Bmw N20 Engine

Well, maybe the tested fuel economy numbers of vehicles with the N52 weren’t great. Look, the end of the N52’s run coincided with the downsizing craze, and instead of another silk-ripping naturally-aspirated six, BMW replaced it with a two-liter turbocharged four-cylinder engine. This is the story of the N20, and why it was so disastrous.

Bmw 2 Series

The N20 had all the soul of a DMV administrator, but it got solid posted fuel economy numbers, was smaller than the N52 and easier to package. Most people who leased one were perfectly happy with the off-the-line torque, the fuel economy figures, and most importantly, the badge. This was good news for BMW, since the N20 engine was spreading like gonorrhea in The Villages through the brand’s expanded lineup. If we’re talking about total global availability, customers could order the N20 in a 1 Series, a 2 Series, a 3 Series, a 4 Series, a 5 Series, an X1, an X3, an X4, and X5, a Z4, and a partridge in a freakin’ pear tree. In America, it was the corporate entry-level engine, and everything was going according to plan. Then timing components started to go boom.

Bmw Forum Quote

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In 2017, a small group of BMW owners filed a class action lawsuit over N20 timing chain problems, and made some pretty damning claims. For instance, the suit’s introduction claimed that

The primary chain plastic guide assemblies in class engines are defective and prematurely fail. The primary chain plastic guide assemblies become brittle and break apart because the guide assemblies are made of defective polycarbonate composition and other materials. Pieces of broken off plastic from the chain guide become lodged in the crankshaft drive sprockets causing chain breakage or chain skip sufficient to cause severe engine damage or complete engine destruction.

Yikes. Oh, and unsurprisingly, BMW apparently knew of this defect by the time the lawsuit was filed. Superseding parts numbers show that BMW revised the timing chain hardware for the N20 in 2015, well before people filed suit. Yeah, this was going to be a disaster of epic proportions.

In the years between filing and settlement, the failures piled up, but a resolution was eventually reached. In 2021 (the legal system moves slowly), a settlement was agreed on that included a limited warranty extension covering the timing components on, well, you take a look.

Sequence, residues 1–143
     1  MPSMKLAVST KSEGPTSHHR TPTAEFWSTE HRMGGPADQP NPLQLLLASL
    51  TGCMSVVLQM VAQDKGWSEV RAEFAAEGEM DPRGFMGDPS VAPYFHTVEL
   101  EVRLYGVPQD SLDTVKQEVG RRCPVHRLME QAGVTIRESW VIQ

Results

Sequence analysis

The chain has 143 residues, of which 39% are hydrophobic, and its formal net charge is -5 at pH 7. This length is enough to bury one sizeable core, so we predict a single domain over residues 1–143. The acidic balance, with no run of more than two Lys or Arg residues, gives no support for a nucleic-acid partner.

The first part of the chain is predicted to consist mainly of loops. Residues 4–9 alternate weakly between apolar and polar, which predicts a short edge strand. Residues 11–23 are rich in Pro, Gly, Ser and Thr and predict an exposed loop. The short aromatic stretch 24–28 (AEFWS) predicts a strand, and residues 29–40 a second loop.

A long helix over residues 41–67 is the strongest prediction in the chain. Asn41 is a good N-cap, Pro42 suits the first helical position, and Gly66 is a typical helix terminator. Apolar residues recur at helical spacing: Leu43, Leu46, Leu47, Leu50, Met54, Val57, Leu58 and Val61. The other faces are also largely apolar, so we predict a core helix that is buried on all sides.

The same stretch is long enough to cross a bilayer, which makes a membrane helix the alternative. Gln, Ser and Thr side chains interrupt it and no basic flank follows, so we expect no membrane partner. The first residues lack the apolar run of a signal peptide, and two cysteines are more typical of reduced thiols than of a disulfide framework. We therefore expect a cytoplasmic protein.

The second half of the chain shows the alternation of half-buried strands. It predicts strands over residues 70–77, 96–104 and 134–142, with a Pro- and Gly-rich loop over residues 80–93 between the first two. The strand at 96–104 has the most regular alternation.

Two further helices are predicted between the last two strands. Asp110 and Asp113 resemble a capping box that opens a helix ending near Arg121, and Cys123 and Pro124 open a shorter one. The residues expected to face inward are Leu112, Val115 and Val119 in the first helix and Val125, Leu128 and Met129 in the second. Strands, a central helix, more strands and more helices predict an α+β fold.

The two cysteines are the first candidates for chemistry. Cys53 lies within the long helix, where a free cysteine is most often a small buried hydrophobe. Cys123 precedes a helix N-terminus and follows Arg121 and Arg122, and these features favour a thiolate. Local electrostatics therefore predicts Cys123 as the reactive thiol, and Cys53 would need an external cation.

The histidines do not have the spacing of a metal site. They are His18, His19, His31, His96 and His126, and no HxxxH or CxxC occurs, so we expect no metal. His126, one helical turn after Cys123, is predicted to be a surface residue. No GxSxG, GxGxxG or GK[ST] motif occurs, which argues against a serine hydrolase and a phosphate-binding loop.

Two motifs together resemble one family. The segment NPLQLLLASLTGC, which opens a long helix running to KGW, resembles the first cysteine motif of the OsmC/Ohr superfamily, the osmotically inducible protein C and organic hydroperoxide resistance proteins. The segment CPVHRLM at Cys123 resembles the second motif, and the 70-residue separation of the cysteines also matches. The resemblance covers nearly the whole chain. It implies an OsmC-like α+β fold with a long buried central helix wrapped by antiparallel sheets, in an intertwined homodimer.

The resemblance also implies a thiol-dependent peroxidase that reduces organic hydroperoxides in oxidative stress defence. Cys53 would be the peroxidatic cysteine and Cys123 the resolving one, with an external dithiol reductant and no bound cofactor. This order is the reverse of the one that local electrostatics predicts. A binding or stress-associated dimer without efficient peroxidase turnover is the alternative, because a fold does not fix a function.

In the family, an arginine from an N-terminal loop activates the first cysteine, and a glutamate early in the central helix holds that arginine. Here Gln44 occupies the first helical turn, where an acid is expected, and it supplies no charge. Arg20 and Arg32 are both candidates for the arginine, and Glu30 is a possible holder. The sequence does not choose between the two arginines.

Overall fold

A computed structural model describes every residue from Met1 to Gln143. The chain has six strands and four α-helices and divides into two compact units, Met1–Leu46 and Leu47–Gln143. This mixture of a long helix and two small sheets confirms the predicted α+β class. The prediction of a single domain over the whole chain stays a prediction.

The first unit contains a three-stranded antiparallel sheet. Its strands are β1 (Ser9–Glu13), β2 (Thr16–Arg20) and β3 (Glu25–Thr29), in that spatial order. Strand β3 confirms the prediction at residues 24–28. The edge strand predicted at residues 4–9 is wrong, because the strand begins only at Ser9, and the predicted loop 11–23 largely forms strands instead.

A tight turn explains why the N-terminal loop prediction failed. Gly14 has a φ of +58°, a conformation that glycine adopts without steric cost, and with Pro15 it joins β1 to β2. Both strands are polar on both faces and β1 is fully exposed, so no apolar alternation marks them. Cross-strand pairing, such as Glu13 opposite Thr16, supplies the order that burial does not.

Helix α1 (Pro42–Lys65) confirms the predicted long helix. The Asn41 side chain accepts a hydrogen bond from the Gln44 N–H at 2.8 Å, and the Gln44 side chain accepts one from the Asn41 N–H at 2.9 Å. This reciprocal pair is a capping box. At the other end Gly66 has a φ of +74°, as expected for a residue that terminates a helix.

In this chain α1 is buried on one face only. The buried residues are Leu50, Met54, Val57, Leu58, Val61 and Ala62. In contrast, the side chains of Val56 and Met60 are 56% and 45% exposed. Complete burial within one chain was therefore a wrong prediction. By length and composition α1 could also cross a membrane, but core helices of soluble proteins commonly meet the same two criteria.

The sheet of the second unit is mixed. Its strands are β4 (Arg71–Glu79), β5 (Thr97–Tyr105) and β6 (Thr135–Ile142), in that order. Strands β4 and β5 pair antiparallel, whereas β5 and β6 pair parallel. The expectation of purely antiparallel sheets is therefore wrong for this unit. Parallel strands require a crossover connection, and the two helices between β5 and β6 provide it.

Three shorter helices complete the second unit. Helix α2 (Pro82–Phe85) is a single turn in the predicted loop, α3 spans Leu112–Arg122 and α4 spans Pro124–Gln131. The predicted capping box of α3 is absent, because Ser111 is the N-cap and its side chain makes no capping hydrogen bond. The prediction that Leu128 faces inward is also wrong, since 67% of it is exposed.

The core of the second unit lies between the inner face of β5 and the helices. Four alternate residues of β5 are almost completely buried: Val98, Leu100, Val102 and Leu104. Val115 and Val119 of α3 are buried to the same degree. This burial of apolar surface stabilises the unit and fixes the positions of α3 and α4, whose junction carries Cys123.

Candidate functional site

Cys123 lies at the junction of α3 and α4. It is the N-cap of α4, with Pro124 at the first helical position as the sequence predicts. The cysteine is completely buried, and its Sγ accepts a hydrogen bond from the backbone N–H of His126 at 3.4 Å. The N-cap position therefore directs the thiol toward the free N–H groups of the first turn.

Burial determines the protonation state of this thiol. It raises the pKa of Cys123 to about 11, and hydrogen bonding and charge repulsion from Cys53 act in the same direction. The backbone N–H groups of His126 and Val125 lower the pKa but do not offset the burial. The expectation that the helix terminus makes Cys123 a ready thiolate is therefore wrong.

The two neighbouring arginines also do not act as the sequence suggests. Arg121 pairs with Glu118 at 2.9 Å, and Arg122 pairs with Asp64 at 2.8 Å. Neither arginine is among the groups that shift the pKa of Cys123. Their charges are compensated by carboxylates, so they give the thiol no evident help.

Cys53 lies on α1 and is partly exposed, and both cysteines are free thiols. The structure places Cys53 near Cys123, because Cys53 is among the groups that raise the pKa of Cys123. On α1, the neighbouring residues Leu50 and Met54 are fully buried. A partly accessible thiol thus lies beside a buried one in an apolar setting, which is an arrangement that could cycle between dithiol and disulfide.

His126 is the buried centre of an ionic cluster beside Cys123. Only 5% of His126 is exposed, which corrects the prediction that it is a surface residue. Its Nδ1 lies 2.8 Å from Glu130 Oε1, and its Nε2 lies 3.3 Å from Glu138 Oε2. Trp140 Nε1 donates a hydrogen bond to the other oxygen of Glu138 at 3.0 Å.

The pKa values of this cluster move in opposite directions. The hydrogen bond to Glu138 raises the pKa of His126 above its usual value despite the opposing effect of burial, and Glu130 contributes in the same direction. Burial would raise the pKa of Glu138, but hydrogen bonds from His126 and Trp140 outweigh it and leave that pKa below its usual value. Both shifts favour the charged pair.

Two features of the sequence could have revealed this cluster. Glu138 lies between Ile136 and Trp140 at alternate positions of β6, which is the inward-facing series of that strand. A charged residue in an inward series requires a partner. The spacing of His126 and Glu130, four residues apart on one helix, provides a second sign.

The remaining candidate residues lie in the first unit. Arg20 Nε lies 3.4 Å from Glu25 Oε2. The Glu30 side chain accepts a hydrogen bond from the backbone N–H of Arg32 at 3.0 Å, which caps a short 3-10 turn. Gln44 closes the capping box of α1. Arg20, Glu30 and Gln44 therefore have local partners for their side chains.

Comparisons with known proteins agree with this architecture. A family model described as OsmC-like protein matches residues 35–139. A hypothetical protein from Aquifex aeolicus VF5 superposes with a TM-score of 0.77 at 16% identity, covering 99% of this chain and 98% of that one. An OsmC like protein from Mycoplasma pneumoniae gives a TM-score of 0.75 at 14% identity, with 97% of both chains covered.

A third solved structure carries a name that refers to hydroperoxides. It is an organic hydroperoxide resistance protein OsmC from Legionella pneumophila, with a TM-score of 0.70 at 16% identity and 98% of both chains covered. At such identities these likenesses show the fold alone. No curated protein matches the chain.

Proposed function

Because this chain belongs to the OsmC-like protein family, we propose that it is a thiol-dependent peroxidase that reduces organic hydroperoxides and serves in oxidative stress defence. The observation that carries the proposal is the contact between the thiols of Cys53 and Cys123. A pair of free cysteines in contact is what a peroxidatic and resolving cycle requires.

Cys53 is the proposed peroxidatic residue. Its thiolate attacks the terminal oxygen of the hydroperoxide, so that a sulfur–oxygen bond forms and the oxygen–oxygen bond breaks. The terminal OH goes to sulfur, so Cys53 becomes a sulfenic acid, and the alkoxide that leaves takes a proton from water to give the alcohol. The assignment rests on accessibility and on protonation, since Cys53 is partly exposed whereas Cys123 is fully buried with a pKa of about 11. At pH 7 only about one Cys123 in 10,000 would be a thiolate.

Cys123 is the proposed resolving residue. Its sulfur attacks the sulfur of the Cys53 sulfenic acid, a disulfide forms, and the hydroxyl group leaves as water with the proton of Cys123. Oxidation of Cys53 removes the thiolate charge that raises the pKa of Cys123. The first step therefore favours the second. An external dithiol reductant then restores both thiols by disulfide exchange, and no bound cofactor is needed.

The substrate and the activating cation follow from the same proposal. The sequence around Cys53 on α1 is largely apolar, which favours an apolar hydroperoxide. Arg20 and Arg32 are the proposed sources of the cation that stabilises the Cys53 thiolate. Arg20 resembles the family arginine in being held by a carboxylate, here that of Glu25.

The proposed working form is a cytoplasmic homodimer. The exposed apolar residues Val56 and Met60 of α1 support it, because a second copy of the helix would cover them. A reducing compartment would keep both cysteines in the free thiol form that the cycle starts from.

Bmw N20 Settlement Vehicle List

Yep, it covers just about everything with this engine made between the beginning of this engine’s life and late February of 2015. That’s a massive model year spread.

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As you can probably expect, customer awareness of most service bulletins isn’t crazy high, and now there are N20-powered BMWs running around on original timing chain components well outside of the limited warranty extension period. As a result, when the timing chains on these often buy-here-pay-here-fodder vehicles go, they end up for sale online with gnarly front end noises or catastrophic engine damage.

Bmw F30

Now, you might be thinking, didn’t the older BMW V8s also have timing chain issues? They certainly did, but the old V8s gave you something back for that unreliability. They gave you character, soul, astounding performance relative to common engines of the time. The N20, well, it was just another gravelly, economy-minded two-liter turbocharged four-banger that falls off up top. The N20 is competent when it works, but nothing more. An unreliable engine that doesn’t give the enthusiast anything back.

The Inbetweeners

Bmw Z4

Tech transitions are never seamless, and the space between the N52 engine and N20 engine was weird indeed. Generally, vehicles introduced in the mid-aughts had the N52 and vehicles introduced in the early 2010s have the N20, but there was a weird gap. The then-new 2011 BMW X3 28i, 2011 BMW 528i, and early E89 Z4 sDrive30i used the N52 instead of the N20 because the N20 just wasn’t ready yet. As a result, they meld the reliability of the old N52 with the mod-cons of a BMW from the 2010s. Sure, these vehicles aren’t exactly what I’d call the Ultimate Driving Machines, but they’re luxurious, comfortable, fairly practical, and have seriously fun engines. More proof that rare and good doesn’t always equal valuable.

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(Photo credits: BMW)

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bmw325_num99
bmw325_num99
7 months ago

spreading like gonorrhea in The Villages”

If I had been drinking something it would have been a spit-take. Hahahaha.

pizzaman09
pizzaman09
7 months ago

I am a big fan of buying fully depreciated BMWs. I own two e36s, a 328is and an M3 which is my daily. I used to daily and e39 M5 and my parents are now on their third e38. They are easy cars to work on, easy to get parts for and other than the 90s cooling system woes of the e38, generally quite reliable.

Angry Bob
Angry Bob
7 months ago